Broadcasting is the distribution of audio or video content to a dispersed audience via any electronic mass communications medium, but typically one using the electromagnetic spectrum (radio waves), in a one-to-many model. Broadcasting began with AM radio, which came into popular use around 1920 with the spread of vacuum tube radio transmitters and receivers. Before this, all forms of electronic communication (early radio, telephone, and telegraph) were one-to-one, with the message intended for a single recipient. The term broadcasting evolved from its use as the agricultural method of sowing seeds in a field by casting them broadly about. It was later adopted for describing the widespread distribution of information by printed materials or by telegraph. Examples applying it to “one-to-many” radio transmissions of an individual station to multiple listeners appeared as early as 1898.
Over the air broadcasting is usually associated with radio and television, though in recent years, both radio and television transmissions have begun to be distributed by cable (cable television). The receiving parties may include the general public or a relatively small subset; the point is that anyone with the appropriate receiving technology and equipment (e.g., a radio or television set) can receive the signal. The field of broadcasting includes both government-managed services such as public radio, community radio and public television, and private commercial radio and commercial television.
Historically, there have been several methods used for broadcasting electronic media audio and video to the general public:
- Telephone broadcasting (1881–1932): The earliest form of electronic broadcasting (not counting data services offered by stock telegraph companies from 1867, if ticker-tapes are excluded from the definition). Telephone broadcasting began with the advent of Théâtrophone (“Theatre Phone”) systems, which were telephone-based distribution systems allowing subscribers to listen to live opera and theatre performances over telephone lines, created by French inventor Clément Ader in 1881. Telephone broadcasting also grew to include telephone newspaper services for news and entertainment programming which were introduced in the 1890s, primarily located in large European cities. These telephone-based subscription services were the first examples of electrical/electronic broadcasting and offered a wide variety of programming.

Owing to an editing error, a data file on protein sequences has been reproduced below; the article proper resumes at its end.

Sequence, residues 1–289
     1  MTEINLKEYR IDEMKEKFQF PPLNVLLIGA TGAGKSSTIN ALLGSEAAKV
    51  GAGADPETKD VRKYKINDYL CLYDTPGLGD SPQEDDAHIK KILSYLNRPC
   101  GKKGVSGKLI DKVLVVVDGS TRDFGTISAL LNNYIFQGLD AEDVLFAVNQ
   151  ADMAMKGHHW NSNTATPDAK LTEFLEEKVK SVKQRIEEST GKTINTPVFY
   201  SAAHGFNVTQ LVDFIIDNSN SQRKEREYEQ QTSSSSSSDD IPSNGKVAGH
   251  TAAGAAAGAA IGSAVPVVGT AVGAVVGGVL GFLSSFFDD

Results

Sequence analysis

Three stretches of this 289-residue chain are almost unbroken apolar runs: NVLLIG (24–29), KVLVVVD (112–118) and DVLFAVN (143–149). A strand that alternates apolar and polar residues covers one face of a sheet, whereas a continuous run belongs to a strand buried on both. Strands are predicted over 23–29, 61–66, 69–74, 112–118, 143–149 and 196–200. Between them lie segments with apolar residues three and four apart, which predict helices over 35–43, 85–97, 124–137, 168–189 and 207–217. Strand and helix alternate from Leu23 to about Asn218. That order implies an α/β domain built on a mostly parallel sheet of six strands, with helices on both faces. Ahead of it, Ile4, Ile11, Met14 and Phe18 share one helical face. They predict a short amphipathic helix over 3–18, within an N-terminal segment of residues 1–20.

- Radio broadcasting (experimentally from 1906, commercially from 1920); audio signals sent through the air as radio waves from a transmitter, picked up by an antenna and sent to a receiver. Radio stations can be linked in radio networks to broadcast common radio programs, either in broadcast syndication, simulcast or subchannels.
- Television broadcasting (telecast), experimentally from 1925, commercially from the 1930s: an extension of radio to include video signals.
- Cable radio (also called “cable FM”, from 1928) and cable television (from 1932): both via coaxial cable, originally serving principally as transmission media for programming produced at either radio or television stations, but later expanding into a broad universe of cable-originated channels.
- Direct-broadcast satellite (DBS) (from c. 1974) and satellite radio (from c. 1990): meant for direct-to-home broadcast programming (as opposed to studio network uplinks and downlinks), provides a mix of traditional radio or television broadcast programming, or both, with dedicated satellite radio programming.
- Webcasting of video/television (from c. 1993) and audio/radio (from c. 1994) streams: offers a mix of traditional radio and television station broadcast programming with dedicated Internet radio and Internet television.